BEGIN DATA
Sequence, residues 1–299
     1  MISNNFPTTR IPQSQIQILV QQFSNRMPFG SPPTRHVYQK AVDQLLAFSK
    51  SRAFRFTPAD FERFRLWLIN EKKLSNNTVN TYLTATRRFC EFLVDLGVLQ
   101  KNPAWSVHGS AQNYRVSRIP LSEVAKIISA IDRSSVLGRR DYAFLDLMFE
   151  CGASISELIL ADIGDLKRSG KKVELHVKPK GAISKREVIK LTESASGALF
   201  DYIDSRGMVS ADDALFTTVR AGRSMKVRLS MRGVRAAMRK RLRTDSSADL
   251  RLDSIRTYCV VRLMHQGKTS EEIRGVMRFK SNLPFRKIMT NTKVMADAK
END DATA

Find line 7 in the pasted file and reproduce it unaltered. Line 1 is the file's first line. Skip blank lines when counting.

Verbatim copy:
   251  RLDSIRTYCV VRLMHQGKTS EEIRGVMRFK SNLPFRKIMT NTKVMADAK